Thyroid gland disorders – Conditions & Symptoms
The thyroid gland is a gland of the endocrine system located in the neck that produces the thyroid hormone, mainly responsible for metabolism in the body, and affecting many body systems. Disorders can occur when the thyroid grows too large or develops cancer, or from the over and underproduction of the thyroid hormone. The thyroid sometimes enlarges and forms what is known as a goiter. Goiters are intrinsically harmless and don’t require removal unless they restrict breathing and swallowing due to their location in the throat. They often show outwardly as a lump in the neck, so many people have them removed for cosmetic reasons. The more dangerous but rare formation of thyroid cancer can also occur. There are many types of thyroid cancer, but most are able to be treated without long-term health effects. However, the most common disorders of the thyroid gland occur from the overproduction or underproduction of thyroid hormone.
Hyperthyroidism is the overproduction of thyroid hormones, and results in many different conditions. Because the thyroid hormone regulates metabolism, the most common symptoms of hyperthyroidism are racing heart, sweatiness, shaking, and rapid weight loss. It can also have mental and emotional effects such as anxiety and panic attacks. Here are a few specific disorders resulting from hyperthyroidism:
- Grave’s disease is one of the most common disorders of hyperthyroidism, and occurs when too much thyroid hormone is produced. It is based on an immune system malfunction involving the pituitary gland, which secretes the hormone that tells the thyroid to produce thyroid hormone.
- Toxic adenoma occurs when small growths in the thyroid gland begin secreting thyroid hormones. Goiters can contain these.
- Subacute thyroiditis is the swelling of the thyroid gland, causing it to secrete excess hormones. This condition disappears when the swelling goes down.
The opposite of hyperthyroidism is hypothyroidism, the underproduction of thyroid hormone by the thyroid gland. The most common symptom, again related to energy metabolism, is sluggishness and lack of energy. It can also result in depression. Here are specific conditions that result from hypothyroidism:
- Hashimoto’s thyroiditis is the condition caused by a malfunction of the immune system. The immune system attacks healthy thyroid tissue, killing it and thereby stopping its production of thyroid hormone.
- Exposure to certain substances can harm the thyroid gland and its production of thyroid hormone. Too much iodine in the body has been linked to hypothyroidism, as well as the substance lithium.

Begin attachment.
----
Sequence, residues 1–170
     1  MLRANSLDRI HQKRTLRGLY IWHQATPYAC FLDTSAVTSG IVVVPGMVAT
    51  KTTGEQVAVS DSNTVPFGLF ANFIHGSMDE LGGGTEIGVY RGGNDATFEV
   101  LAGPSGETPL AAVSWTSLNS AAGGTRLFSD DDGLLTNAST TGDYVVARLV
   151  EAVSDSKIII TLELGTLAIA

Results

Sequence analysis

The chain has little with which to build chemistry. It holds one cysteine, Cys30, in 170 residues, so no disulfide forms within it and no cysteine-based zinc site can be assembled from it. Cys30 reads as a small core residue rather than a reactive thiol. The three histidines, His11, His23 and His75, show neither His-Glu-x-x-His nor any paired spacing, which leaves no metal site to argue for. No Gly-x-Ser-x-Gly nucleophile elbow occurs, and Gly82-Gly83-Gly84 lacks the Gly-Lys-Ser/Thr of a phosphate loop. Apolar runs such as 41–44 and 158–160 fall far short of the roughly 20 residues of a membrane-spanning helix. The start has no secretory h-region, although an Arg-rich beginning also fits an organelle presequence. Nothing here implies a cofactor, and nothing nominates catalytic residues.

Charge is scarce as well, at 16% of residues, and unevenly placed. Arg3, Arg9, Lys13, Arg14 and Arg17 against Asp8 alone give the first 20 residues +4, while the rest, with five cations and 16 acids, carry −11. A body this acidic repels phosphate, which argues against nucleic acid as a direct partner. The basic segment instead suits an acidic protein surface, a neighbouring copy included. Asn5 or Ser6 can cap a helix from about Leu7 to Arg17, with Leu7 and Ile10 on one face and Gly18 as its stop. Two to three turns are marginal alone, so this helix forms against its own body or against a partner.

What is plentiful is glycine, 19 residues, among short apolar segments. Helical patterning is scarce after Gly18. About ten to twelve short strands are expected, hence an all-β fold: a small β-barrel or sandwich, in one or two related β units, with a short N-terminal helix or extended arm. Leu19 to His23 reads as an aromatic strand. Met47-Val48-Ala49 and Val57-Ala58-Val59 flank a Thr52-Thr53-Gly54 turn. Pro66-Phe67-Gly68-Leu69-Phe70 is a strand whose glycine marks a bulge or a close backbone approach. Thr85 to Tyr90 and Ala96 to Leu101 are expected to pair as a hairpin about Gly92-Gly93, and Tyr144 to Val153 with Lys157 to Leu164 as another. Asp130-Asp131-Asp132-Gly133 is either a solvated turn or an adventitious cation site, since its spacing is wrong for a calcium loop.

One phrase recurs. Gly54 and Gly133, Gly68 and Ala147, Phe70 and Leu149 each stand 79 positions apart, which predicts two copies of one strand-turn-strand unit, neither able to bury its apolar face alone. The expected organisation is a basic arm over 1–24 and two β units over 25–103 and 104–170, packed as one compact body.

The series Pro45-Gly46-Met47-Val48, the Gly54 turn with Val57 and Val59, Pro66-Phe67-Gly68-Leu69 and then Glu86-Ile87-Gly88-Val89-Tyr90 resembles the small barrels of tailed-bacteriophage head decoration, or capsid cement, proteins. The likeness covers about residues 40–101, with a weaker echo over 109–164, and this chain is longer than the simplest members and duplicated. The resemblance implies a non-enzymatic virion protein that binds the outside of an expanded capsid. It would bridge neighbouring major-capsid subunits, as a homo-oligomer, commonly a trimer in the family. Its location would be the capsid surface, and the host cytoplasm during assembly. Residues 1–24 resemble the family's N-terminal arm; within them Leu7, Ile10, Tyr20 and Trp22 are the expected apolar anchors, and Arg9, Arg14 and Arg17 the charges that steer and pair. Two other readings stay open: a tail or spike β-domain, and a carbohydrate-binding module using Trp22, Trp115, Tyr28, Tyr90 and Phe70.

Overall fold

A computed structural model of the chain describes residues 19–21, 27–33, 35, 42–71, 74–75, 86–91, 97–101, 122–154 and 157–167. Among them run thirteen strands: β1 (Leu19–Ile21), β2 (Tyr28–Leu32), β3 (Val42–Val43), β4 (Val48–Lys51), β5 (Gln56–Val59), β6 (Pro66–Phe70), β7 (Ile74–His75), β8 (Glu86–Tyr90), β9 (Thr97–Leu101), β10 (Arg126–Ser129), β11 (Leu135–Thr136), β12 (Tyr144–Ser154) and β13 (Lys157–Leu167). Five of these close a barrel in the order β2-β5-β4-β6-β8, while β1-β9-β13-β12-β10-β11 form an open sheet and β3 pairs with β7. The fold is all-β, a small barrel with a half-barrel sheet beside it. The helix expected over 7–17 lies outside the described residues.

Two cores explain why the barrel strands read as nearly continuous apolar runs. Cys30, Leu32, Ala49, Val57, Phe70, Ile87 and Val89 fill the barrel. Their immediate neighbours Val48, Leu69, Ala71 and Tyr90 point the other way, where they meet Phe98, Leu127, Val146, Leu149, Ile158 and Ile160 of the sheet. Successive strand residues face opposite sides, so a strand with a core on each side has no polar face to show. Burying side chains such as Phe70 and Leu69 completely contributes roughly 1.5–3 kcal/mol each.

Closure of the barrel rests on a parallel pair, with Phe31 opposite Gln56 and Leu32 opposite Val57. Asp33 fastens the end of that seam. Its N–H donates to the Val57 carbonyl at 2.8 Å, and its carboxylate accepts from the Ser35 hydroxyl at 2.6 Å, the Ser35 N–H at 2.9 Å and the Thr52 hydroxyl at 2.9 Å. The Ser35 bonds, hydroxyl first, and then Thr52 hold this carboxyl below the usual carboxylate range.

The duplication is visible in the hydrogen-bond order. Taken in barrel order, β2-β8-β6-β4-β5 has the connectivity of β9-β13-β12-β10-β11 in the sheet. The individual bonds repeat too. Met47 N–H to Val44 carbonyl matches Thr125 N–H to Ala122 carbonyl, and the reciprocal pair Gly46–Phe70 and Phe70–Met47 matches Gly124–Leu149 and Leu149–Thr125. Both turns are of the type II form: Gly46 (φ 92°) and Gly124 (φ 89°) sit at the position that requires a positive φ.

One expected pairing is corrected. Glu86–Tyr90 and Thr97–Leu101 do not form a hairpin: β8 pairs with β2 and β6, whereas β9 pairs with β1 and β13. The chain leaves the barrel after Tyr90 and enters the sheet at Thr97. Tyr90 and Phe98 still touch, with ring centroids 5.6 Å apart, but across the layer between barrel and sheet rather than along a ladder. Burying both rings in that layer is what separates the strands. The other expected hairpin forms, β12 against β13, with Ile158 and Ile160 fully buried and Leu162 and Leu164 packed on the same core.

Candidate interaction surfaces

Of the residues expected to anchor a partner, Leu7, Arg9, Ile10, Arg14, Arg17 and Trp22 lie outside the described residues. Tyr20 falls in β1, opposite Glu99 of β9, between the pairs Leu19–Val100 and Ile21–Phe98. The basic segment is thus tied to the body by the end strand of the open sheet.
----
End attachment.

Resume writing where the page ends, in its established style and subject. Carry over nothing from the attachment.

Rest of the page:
- In children, hypothyroidism can cause serious problems such as stunted growth or dwarfism as well as mental retardation. This is why the thyroid hormone is thoroughly tested in young children.
Diagnosis of hypothyroidism, hyperthyroidism, goiters and cancers is reached through the use of various tests and imaging devices. Hypothyroidism and hyperthyroidism are most often detected through hormone levels in the blood, including the level of thyroid hormone, and the thyroid-stimulating hormone, TSH. Goiters are usually visible and verified as non-cancerous through ultrasounds. If blood tests indicate they are producing excess thyroid hormone, doctors will treat you with hyperthyroidism. Cancers are treated with radioactive iodine, a treatment unique to the thyroid gland because of its absorption reaction to normal iodine.
Filing for Social Security Disability with a Thyroid Gland Disorder Diagnosis
If you have a thyroid gland disorder that affects your ability to carry out normal life tasks, you may qualify for Social Security Disability Insurance or Supplemental Security Income. The Social Security Administration’s published list of qualifying impairments, known as the Blue Book, contains the medical and other requirements necessary for your thyroid gland disorder to be considered a disability and qualify you for benefits.
However, the section of the Blue Book that deals with the Endocrine System is unique among the listed body system impairments. Because there are so many different disabling conditions associated with endocrine system malfunctions, the SSA evaluates them based on your affected body area.
If hypothyroidism has caused you growth problems, you will be evaluated under the conditions listed under growth impairments. If your hypothyroidism has resulted in severe depression, your symptoms will be compared to those under mental disorders.
Hyperthyroidism commonly causes an overactive heart, so your symptoms will be evaluated under the cardiovascular system requirements. If you have suffered severe weight loss, you will have to meet the applicable conditions under the digestive system section. Lastly, if your hyperthyroidism has led to an anxiety disorder or panic attacks, your symptoms must qualify under mental disorders recognized by the SSA.
Along with medical documentation of your thyroid gland disorder, you must provide proof that it significantly impacts your ability to perform daily tasks and maintain employment.
Your Thyroid Gland Disorder Disability Case
Filing for disability benefits from the SSA because of a thyroid gland disorder will be most successful if you are aware of the Blue Book requirements, so long as up provide as much medical and background information as possible regarding the specific body areas that are affected. To be more certain that your claim will receive a favorable review, contact a Social Security Disability attorney or advocate.